The Sobering up Challenge, which started on Nov. 14 and runs until Dec. 14, is meant to provide a space where participants can feel supported as they begin their recovery journeys, organizers say.
Various groups in the community are working together to run the challenge, including the Inuulitsivik Health Centre, the northern village and the Isuarsivik Regional Recovery Centre.
This is the second time Puvirnituq has held a Sobering up Challenge, according to Stéphanie Boisclair, who works for Inuulitsivik. Other communities have held similar challenges in recent years as well.
This year’s challenge includes several events for participants, including arts and crafts workshops, healing gatherings, coffee time, and a movie night.
One of the first events on Nov. 14 was an opening ceremony and a walk around the community. Leading up to that, youth from the community made signs with messages of support to the participants.
“All the students participated, making the posters, so that was a really touching moment to have all those people,” Boisclair said.
“They did amazing work.”
At the beginning, 92 people signed up to be a part of the challenge; however, the number of participants still in it in the second week was down to 75.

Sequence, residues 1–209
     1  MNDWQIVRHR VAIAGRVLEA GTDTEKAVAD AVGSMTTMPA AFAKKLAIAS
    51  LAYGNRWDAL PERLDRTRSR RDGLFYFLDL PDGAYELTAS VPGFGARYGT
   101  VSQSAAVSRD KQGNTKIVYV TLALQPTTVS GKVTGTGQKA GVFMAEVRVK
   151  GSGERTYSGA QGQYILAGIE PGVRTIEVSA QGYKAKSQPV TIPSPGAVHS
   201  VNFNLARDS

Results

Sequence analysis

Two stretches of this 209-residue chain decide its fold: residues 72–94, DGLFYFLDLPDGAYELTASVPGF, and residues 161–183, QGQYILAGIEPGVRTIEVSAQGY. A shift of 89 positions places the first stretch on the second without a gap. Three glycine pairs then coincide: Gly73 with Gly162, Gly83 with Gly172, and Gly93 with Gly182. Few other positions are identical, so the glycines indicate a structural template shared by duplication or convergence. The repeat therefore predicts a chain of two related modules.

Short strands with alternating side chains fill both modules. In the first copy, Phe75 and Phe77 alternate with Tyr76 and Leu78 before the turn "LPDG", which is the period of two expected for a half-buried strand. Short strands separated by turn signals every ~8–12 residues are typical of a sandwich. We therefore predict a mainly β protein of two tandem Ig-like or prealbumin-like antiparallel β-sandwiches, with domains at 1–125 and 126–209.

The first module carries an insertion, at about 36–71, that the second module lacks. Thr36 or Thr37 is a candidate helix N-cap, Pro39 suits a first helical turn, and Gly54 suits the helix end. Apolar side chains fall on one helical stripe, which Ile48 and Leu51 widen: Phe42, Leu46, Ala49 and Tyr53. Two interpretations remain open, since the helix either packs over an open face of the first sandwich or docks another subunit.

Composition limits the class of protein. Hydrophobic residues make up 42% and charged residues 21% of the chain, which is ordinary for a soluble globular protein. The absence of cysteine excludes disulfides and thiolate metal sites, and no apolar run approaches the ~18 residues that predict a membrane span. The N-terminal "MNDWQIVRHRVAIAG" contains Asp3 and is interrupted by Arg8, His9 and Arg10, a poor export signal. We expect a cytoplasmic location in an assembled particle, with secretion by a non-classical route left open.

Dolly Mesher, a community addiction counsellor at Isuarsivik, said the challenge is meant to support people with their recoveries, no matter how hard it gets.
“We’re just thanking them for their honesty,” Mesher said.
“To every participant, even though they relapsed, we’re telling them that they can still come to the evening activities, they can still join in the support that we’re giving.”
The challenge is set to continue until Dec. 14. Participants who stayed sober for the month will earn prizes for their accomplishment.
But both Boisclair and Mesher made it clear that the point of the challenge is not the chance to win prizes.
“It’s about people’s healing journeys,” Mesher said.
“I hope they feel less alone than when they started, Nov. 14.”
Boisclair said that she hopes that the challenge inspires people to not give up hope as they strive towards recovery.
“Recovery is not like a perfect, straight line; some moments it will be more difficult,” she said.
“For me, I wish that the sober challenge is a positive enough experience for them that if ever they relapse or anything, they’ll want to try again and keep open the fact that it can get better.”
Jeff Pelletier, Local Journalism Initiative Reporter, Nunatsiaq News